Florida tells young men to avoid mRNA Covid shots
State data show that the risk of cardiac death doubles after vaccination for men under 40
Florida’s Surgeon General, Dr. Joseph Ladopo, yesterday warned men aged 18-39 not to take Covid vaccines.
The warning is based on an analysis of data from inside Florida showing a sharply higher risk of cardiac death in young men in the 28 days following the shots. Men under 40 had a 84 percent increased risk of death following vaccination with an mRNA shot.
The analysis also found that people who received non-mRNA vaccinations - generally meaning the Johnson & Johnson DNA/AAV vaccine - had a lower risk of cardiac death after the shots. Only the mRNA jabs were associated with more cardiac deaths.
The gap probably does not mean the DNA shots actually lower cardiac risk, but it is further evidence of the potential dangers of the mRNA jabs.
“The State Surgeon General recommends against males aged 18 to 39 from receiving mRNA COVID-19 vaccines,” Ladopo wrote in yesterday’s advisory. “Those with preexisting cardiac conditions, such as myocarditis and pericarditis, should take particular caution.”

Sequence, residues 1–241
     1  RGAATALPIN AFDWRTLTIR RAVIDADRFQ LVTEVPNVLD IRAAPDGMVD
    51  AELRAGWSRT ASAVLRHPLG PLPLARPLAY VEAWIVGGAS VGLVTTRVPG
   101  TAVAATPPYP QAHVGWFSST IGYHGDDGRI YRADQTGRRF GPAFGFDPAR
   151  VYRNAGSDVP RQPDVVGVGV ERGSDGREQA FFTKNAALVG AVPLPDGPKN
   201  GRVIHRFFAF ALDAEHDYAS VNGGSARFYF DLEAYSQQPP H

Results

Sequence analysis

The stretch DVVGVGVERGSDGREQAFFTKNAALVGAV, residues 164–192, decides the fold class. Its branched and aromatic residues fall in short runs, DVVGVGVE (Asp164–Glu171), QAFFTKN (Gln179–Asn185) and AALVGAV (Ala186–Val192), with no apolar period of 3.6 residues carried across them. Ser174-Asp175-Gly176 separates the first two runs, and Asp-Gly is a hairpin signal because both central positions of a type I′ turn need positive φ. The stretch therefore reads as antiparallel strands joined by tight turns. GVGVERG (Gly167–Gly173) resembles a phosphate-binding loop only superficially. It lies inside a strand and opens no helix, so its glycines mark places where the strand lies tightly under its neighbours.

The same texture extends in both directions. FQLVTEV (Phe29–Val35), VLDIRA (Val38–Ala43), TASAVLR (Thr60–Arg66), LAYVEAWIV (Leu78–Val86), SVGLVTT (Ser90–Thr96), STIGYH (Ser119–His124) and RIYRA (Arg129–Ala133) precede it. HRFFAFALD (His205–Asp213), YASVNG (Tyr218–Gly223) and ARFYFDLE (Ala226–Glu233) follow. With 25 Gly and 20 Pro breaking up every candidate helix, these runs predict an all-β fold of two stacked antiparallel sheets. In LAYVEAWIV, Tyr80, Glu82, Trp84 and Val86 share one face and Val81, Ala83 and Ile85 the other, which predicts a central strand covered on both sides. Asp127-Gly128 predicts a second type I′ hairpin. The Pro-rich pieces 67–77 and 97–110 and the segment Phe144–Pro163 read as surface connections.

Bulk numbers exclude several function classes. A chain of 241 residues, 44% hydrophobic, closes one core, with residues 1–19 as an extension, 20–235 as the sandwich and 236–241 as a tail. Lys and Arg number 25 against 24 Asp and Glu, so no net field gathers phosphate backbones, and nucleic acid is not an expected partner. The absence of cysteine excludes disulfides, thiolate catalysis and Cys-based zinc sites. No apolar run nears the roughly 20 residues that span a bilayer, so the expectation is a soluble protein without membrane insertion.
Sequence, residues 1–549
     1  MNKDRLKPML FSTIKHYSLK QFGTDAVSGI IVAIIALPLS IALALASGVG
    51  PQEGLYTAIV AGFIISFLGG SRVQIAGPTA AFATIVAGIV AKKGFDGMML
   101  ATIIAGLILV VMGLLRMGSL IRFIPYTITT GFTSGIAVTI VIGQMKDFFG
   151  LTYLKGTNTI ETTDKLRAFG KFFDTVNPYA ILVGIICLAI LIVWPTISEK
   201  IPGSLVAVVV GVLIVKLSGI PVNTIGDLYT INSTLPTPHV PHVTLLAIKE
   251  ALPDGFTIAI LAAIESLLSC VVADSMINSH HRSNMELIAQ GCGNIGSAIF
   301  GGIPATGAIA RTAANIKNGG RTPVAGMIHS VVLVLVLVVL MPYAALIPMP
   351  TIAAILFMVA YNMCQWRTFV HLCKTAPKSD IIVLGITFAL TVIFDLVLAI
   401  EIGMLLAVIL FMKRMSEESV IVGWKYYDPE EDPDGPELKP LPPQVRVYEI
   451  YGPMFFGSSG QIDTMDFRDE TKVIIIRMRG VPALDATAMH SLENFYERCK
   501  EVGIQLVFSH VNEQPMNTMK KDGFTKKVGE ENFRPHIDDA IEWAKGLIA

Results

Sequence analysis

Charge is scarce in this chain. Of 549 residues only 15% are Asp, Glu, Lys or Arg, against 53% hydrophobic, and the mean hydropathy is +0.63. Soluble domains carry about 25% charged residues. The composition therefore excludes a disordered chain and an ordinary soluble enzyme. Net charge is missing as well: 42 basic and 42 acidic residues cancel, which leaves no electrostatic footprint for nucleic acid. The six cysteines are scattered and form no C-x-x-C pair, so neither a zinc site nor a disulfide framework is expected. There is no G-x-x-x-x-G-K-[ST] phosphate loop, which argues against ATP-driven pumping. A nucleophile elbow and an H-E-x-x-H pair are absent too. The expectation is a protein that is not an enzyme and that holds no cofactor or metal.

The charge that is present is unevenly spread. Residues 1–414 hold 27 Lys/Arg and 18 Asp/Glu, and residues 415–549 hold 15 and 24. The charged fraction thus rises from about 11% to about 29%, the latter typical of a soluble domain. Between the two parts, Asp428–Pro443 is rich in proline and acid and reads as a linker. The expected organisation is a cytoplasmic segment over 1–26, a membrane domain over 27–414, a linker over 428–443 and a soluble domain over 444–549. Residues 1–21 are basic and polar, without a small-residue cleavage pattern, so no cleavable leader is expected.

Florida becomes the first state to break with continued federal efforts to push mRNA shots on everyone, including young adults at essentially no risk from Covid. But other countries have taken even more aggressive steps. On Sep. 30, Norway effectively discontinued further booster shots for almost everyone under 65.
To measure the risk, Florida compared the rate of cardiac and all-cause deaths that vaccinated people suffered up to 28 days following their second vaccination with those they suffered after the 28-day period, when the post-vaccine risk had presumably fallen. Like other “observational” studies, the method has flaws, but it can provide useful data.
The finding of higher risk in the days after vaccination is particularly striking because of a phenomenon that epidemiologists call as “healthy vaccine user bias.”
The bias works in two ways, both of which should favor vaccines in observational studies like the one from Florida.
First, people who are vaccinated tend to be healthier overall than those who are not; the most obvious example of this is that doctors generally withhold shots from people who are near death. Further, even after people have decided to be vaccinated, they generally will postpone doing so if they are feeling ill.
As a result, vaccinated people should have relatively low rates of illness and death in the weeks following their shots. The fact that they do not all by itself raises serious questions about the vaccines.
Now, for the first time, a major American public health authority has taken note.